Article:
4) Lack of trust by, usually urban, Mongolians in the quality of locally produced dairy goods
5) Insufficient in both quality and quantity of services for milk producers from breeders, veterinarians, and feed producers
6) A need for modern technology and equipment to make small-scale dairy producers more efficient and increase output
Amber looks forward to using her two years of experience as a Peace Corps Volunteer to assist me in my Kiva Fellowship. Please follow Amber over the next year as she tries to give you a look into Mongolian borrowers, culture and business practices, among other things.
Amber Barger in an rural area outside of Uvurkhangai Province, Mongolia
In the June 2010 issue of the National Geographic, I found it cool that two Mongolian peeps were listed as 2010 Emerging Explorers. Each year the National Geographic Emerging Explorers Program selects rising talents who push the boundaries of discovery, adventure, and global problem solving. The 2010 class consists of amazing individuals who are innovators in their respective fields. They are the new visionaries, and inspire people to care about the planet. Fourteen were recognized.
Who from Mongolia, or studying Mongolia?
Paleontologist Bolorstseg Minjin, unearths extraordinary dinosaur and mammal fossils from the Gobi desert while inspiring a new generation of native-born Mongolian paleontologists.
Bioarchaeologist Christine Lee analyzes ancient skeletal remains, bringing new understanding of China and Mongolia’s rich cultural diversity, past and present.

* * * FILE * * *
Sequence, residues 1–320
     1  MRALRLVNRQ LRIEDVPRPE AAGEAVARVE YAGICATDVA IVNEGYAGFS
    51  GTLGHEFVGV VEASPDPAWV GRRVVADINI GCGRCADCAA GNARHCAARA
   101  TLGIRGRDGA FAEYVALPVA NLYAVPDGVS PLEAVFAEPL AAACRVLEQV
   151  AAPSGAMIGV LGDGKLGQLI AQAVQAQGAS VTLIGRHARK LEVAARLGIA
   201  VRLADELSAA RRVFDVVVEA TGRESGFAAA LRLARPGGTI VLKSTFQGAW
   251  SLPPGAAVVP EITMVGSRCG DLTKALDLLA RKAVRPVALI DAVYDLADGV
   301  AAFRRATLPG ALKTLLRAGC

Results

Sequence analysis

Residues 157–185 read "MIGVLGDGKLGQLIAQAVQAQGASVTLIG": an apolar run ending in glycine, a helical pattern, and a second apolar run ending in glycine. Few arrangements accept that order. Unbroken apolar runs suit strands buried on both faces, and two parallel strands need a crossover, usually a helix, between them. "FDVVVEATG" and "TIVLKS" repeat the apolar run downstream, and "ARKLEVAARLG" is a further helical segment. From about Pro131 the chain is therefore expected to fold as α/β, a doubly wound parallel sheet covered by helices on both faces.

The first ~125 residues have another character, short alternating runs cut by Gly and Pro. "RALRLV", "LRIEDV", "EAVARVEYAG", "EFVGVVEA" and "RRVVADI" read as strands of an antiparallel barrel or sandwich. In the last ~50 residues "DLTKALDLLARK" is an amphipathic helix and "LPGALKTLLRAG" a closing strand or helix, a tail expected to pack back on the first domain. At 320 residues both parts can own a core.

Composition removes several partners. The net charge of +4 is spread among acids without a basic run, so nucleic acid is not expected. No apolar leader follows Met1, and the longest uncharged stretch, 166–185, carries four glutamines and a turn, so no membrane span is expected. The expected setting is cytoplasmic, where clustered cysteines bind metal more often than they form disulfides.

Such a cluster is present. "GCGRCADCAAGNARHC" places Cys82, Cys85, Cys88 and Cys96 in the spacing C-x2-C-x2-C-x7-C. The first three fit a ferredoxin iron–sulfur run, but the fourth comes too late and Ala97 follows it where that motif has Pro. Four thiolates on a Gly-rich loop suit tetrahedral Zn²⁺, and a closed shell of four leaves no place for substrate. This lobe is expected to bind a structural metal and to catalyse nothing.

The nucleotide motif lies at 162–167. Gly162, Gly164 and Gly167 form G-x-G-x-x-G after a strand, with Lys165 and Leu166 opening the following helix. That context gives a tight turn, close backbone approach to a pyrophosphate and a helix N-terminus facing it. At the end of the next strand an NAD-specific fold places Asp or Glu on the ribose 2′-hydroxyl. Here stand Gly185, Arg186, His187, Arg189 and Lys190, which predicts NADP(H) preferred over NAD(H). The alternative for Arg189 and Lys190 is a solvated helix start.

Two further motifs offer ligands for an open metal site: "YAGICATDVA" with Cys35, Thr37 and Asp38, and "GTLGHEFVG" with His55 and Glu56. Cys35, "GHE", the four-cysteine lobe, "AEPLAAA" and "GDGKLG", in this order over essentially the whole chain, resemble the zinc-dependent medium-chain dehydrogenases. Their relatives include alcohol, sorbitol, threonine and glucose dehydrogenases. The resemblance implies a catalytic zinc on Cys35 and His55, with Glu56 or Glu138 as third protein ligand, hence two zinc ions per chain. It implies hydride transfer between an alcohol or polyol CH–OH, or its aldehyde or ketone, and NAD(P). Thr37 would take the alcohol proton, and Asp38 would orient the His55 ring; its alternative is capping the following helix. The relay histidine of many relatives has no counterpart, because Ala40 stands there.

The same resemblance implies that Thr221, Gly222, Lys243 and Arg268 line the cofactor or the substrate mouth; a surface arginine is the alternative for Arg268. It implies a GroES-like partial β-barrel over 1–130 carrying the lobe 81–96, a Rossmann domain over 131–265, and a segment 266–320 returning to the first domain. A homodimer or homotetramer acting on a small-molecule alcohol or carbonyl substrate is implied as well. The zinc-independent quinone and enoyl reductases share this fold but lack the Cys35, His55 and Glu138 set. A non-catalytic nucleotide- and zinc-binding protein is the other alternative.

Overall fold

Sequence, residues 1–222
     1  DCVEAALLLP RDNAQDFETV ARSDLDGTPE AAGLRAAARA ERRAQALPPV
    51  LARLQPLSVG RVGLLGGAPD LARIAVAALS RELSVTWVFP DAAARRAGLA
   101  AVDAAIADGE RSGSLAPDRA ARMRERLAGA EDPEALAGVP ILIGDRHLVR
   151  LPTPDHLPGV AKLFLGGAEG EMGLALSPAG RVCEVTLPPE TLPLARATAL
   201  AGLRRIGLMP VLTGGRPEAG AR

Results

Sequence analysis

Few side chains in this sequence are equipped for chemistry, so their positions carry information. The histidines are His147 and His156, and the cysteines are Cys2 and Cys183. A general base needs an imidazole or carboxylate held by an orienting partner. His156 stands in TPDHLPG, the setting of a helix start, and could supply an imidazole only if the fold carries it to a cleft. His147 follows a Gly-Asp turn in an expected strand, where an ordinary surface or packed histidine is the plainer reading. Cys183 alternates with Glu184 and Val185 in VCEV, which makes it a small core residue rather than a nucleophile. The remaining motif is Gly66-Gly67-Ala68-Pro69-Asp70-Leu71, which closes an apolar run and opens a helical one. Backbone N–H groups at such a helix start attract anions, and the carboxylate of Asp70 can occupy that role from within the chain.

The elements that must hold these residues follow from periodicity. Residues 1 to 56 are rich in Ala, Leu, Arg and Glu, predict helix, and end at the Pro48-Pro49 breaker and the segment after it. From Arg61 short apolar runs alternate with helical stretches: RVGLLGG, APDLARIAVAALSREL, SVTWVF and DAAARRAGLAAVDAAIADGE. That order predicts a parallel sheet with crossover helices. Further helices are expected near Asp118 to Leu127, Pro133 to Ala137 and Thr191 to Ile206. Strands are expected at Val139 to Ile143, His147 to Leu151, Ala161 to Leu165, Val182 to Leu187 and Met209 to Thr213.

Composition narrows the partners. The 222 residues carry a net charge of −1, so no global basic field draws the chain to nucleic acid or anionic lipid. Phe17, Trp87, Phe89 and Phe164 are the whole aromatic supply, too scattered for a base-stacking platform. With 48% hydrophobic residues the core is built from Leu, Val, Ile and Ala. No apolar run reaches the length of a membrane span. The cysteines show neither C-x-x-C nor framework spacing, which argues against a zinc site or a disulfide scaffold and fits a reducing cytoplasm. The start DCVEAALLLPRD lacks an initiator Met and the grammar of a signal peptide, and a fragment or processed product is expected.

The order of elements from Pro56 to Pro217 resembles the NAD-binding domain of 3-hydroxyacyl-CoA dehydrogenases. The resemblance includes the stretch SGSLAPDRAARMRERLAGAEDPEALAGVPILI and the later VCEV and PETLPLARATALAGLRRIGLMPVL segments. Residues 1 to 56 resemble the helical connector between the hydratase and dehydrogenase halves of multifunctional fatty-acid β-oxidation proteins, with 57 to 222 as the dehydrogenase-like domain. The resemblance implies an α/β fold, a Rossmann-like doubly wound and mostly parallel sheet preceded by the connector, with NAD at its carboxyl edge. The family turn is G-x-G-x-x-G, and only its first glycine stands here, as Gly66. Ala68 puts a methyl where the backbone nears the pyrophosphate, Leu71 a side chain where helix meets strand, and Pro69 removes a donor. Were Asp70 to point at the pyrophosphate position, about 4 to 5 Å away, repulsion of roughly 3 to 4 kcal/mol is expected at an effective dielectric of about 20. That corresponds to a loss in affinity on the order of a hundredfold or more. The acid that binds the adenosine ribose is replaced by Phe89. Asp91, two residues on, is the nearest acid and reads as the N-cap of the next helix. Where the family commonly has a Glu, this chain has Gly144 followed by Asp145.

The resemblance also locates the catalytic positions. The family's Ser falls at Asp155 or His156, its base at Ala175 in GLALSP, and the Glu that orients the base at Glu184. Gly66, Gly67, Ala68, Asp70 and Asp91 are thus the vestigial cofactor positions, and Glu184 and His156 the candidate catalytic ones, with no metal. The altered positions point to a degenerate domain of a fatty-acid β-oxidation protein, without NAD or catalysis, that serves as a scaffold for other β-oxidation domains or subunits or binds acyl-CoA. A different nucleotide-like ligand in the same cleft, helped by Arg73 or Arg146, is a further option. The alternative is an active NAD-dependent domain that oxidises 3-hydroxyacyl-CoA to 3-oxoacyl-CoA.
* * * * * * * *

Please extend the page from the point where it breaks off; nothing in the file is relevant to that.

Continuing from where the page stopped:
When Amber and I visited the National Museum in Ulaanbaater, there must have been over 70 different diverse types of peoples, that live now in Mongolia. It was an awesome museum.
What? M19 – Mongolia set number 19 Peace Corps Volunteer, and now a KIVA 12, the 12th set to go out into the world. Here is the article introducing the K12’s!
23 July 2010
by Gabriel Francis, Kiva Fellows class 12, FUDECOSUR Costa Rica
Hello from beautiful San Francisco!
kiva fellows class 12
The KF12 class take a break from training to visit the Golden Gate bridge.
As member of the upcoming Kiva Fellows class 12 (KF12), I am excited but exhausted. Although Kiva Fellow class 11 is still in the field a new class is already preparing to follow in their steps. Last week myself and the 37 new Fellows of KF12 graduated from an intense week of training.
Over the week KF12 marched through crash course trainings in finance, social performance measurement, media training and more. Thankfully it wasn’t all borrowers and balance sheets. At nights we had a great time participating in events like the Kiva Social.
Our class includes investment bankers from Wells Fargo, technologists from Google, lawyers, Fullbright scholars, and Peace Corps volunteers in Mongolia. Each of us has set aside our jobs to volunteer in harsh conditions as diverse as the mountains of Moldova to the savanna plains of Sierra Leone. Keep an eye on the Fellows Bio page for the full roster which will be updated soon. In my case, I’m taking a sabbatical from Google to document entrepreneur stories in the cloud forests of southern Costa Rica, some of whom are accessible only by motorcycle and machete. By the end of our fellowship we will have a hands-on experience of micro-finance unparalleled in the world.
Please join me in congratulating the upcoming Kiva Fellows class 12. We deploy in under a week! I can’t wait to read your stories.
Kiva Fellows Class 12, KF12
Introducing the Kiva Fellows Class 12 (KF12)
*Just as a side note, the people in the number one are deployed to South America and such, and the people in the number 2, are going to other countries, Mongolia, Africa, etc…